Mobile consumer devices impact content delivery

Mobile electronics shipment to reach 58 million by 2014, as device vendors look to change business models for content delivery, report notes.
Written by Liau Yun Qing, Contributor

The increasing growth of mobile broadband devices will "dramatically" impact the way device vendors operate, amid uncertainty over how content should be delivered to consumers, notes an industry analyst.

According to a report released Monday by ABI Research, the global shipment of mobile broadband-enabled consumer electronic products is expected to increase 55-fold between 2008 and 2014, reaching 58 million at the end of the seven-year period.

The projected figures include e-book readers, mobile digital cameras and camcorders, personal media players, personal navigation devices (PNDs) and mobile game devices, as part of the mobile broadband-enabled consumer electronics market.

"While demand for products in the other categories is just starting to ramp up, consumers are already snapping up connected PNDs and e-book readers in numbers, and will continue to do so," Jeff Orr, senior analyst at ABI Research, said in the report. He added that vertical industries such as in-vehicle fleets and taxis with connected PNDs, a popular feature in Western Europe, are also driving demand in the market.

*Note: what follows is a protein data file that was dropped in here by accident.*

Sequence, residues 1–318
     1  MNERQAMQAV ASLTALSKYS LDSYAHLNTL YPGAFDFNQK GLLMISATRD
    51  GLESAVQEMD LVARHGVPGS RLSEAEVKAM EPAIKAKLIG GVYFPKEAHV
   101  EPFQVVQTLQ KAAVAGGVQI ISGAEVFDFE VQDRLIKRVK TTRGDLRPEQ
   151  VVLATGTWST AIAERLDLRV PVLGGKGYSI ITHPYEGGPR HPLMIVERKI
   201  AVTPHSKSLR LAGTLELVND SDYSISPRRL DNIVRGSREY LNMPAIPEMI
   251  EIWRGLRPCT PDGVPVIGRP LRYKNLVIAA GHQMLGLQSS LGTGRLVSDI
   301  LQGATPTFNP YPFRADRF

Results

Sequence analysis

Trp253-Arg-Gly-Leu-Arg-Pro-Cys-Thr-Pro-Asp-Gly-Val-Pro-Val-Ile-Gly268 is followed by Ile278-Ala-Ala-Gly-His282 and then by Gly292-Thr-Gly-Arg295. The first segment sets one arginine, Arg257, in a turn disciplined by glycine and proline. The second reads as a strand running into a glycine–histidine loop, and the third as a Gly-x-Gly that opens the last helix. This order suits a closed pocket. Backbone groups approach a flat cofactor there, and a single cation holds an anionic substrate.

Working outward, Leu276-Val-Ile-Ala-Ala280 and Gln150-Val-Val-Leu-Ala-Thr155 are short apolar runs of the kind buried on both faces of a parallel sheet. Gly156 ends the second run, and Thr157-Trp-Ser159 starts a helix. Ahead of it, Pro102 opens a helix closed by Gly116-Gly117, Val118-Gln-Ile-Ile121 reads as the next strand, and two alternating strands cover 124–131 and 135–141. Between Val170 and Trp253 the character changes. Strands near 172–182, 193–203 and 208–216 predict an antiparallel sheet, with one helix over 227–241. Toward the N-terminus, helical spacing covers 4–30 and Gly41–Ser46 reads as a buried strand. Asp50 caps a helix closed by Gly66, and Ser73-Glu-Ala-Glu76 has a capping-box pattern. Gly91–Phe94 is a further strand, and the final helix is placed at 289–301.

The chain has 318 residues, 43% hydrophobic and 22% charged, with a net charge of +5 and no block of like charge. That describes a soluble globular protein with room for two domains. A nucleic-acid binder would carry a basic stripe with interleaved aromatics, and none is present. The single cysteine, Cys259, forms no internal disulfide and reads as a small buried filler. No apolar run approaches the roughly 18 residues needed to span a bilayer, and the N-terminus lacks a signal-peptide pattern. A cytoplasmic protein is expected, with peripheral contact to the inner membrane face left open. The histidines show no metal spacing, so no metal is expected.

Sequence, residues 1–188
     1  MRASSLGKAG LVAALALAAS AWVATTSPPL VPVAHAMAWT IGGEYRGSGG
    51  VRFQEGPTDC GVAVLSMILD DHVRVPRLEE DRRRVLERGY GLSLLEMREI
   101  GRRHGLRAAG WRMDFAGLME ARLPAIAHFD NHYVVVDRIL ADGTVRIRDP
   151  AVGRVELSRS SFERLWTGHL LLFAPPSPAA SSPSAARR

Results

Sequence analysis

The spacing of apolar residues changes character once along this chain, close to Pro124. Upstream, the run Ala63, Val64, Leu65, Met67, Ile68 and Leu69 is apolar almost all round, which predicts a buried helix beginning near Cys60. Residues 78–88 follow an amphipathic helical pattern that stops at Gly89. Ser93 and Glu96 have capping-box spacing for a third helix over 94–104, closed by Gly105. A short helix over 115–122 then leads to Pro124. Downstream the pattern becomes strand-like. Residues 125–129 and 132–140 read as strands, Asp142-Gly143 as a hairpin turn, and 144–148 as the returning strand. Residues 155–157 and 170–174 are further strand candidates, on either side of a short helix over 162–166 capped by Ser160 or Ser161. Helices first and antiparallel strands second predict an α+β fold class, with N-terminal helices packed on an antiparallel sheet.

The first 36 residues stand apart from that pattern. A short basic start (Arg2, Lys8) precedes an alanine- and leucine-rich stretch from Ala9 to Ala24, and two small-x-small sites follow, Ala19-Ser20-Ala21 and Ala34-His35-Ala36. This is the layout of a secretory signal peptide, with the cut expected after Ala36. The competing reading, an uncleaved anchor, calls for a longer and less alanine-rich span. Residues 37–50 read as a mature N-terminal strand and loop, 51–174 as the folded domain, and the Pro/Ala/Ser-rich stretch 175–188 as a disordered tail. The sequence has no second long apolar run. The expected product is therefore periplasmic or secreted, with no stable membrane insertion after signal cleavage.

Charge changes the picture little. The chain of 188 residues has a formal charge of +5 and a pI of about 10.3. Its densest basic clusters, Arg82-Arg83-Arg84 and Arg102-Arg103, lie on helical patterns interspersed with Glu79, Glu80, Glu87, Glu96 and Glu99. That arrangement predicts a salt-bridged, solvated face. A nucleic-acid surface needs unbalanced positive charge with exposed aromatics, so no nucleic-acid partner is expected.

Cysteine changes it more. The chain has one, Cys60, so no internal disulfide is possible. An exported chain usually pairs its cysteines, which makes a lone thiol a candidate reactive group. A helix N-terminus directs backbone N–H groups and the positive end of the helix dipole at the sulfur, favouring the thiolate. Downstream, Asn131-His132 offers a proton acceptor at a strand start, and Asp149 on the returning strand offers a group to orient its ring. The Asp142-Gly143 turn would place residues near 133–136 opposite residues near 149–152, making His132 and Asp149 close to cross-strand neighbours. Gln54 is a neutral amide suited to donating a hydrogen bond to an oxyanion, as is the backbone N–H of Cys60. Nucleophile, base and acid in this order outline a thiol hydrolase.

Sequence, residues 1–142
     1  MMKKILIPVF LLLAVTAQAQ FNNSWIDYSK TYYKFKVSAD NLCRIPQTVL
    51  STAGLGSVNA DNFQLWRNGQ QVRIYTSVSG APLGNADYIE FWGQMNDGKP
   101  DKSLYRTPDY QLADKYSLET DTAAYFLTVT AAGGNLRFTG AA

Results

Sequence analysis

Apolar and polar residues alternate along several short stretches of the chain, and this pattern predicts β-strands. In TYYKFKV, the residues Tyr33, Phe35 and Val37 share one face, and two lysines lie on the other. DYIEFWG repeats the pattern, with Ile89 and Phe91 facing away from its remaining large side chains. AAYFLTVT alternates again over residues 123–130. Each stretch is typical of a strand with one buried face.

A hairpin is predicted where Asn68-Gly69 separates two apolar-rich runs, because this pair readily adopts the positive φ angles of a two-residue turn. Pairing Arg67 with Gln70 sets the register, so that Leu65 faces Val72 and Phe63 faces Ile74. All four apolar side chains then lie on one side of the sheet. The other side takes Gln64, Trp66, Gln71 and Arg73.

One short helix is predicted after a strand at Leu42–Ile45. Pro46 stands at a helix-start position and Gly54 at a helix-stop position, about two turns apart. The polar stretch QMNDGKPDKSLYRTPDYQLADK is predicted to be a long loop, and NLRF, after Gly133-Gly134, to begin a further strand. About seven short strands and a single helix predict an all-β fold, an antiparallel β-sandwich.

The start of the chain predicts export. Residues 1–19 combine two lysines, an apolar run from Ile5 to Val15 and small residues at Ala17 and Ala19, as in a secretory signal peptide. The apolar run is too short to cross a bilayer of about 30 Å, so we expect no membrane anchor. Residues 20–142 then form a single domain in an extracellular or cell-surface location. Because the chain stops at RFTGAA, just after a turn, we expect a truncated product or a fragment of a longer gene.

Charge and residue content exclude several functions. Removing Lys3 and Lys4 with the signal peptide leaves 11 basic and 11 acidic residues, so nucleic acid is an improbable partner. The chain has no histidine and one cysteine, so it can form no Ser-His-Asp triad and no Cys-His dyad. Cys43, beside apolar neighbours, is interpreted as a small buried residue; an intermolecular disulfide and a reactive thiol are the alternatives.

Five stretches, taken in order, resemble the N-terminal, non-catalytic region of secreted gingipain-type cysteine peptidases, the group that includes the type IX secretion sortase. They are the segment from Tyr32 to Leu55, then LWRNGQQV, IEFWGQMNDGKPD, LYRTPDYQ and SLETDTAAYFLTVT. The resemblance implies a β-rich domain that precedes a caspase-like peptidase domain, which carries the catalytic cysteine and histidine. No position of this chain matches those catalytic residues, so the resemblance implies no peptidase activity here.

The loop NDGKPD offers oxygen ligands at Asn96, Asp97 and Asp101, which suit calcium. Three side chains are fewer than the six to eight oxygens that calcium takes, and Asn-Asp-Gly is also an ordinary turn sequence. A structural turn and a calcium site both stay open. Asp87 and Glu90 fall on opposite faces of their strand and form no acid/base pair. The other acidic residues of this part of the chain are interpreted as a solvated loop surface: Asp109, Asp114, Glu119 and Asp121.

However, Orr noted that these devices, which operate on mobile broadband networks, will significantly change the way device manufacturers operate.

"When you embed a cellular or mobile broadband modem in a device, it becomes tied to a particular operator's service billing. That changes the device vendors' business model dramatically," he said.

In the case of e-book readers, for instance, integrating the cost of broadband connection into the price of the content appears acceptable to consumers, who are willing to pay each time they download a piece of content. This model, however, may not work for multiplayer games.

Orr said: "Paying to download the game is straightforward but beyond that, what's the appropriate model? Monthly subscription? Annual pass? To whom does the consumer pay? That very unfamiliar service aspect is scary for the device vendors."

ABI Research also pointed to the cost of data plan as the "make-or-break factor" for delivering content and interactivity to mobile devices.

Apart from e-book readers, Orr noted that business models used today for mobile data connectivity were "poorly matched" to the kinds of mobile consumer electronics devices currently available in the market.

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